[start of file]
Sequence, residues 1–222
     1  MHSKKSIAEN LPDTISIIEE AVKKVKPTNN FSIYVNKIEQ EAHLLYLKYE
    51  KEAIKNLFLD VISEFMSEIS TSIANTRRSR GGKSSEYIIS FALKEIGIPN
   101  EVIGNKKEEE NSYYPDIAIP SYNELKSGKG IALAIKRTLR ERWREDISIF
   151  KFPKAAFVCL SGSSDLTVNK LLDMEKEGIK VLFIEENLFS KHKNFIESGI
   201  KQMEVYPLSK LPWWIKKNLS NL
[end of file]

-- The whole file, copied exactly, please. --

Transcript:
Sequence, residues 1–222
     1  MHSKKSIAEN LPDTISIIEE AVKKVKPTNN FSIYVNKIEQ EAHLLYLKYE
    51  KEAIKNLFLD VISEFMSEIS TSIANTRRSR GGKSSEYIIS FALKEIGIPN
   101  EVIGNKKEEE NSYYPDIAIP SYNELKSGKG IALAIKRTLR ERWREDISIF
   151  KFPKAAFVCL SGSSDLTVNK LLDMEKEGIK VLFIEENLFS KHKNFIESGI
   201  KQMEVYPLSK LPWWIKKNLS NL